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Fiduciary vs. Suitability - Two Different Standards of Care

Fiduciary vs. Suitability - Two Different Standards of Care

Under a Fiduciary Standard, an advisor must always act in the best interest of their clients. The advisor makes recommendations as if they were the client, or the client were a family member. In fact, an advisor must disclose any conflicts of interest, disclose all of their fees and strive for reasonable investment costs.

Some advisors and brokers operate under a suitability standard of care. An advisor or broker just has to make sure that an investment product is suitable for a client based on the client’s financial needs, objectives, and unique circumstances. It’s not well-known but there are a lot of advisors who operate under both standards of care and switch between them. Sometimes they wear the fiduciary hat and other times they wear the suitability hat.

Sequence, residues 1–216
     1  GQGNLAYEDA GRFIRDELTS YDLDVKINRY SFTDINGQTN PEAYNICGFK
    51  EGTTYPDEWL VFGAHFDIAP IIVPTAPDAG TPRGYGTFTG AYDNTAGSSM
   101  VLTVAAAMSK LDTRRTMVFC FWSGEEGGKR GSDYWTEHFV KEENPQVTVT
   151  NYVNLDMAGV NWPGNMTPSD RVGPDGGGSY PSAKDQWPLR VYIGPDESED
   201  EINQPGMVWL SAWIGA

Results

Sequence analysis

The suitability standard is generally for commission-based product sales, so any advisor or broker who earns commissions will fall under that standard at least some of the time. Fee-Based advisors can earn fees and commissions, so they are more apt to switch between the two standards of care. It doesn’t mean that Fee-Based advisors are unethical, or can’t always operate under the Fiduciary standard. It just means, they don’t always have to.

Most Fee-Only advisors work exclusively under the Fiduciary standard. However, the best way to know for sure is to have an advisor sign a Fiduciary Oath, where they specifically state that they will not operate under the suitability standard, and will only work with you under the fiduciary standard of care.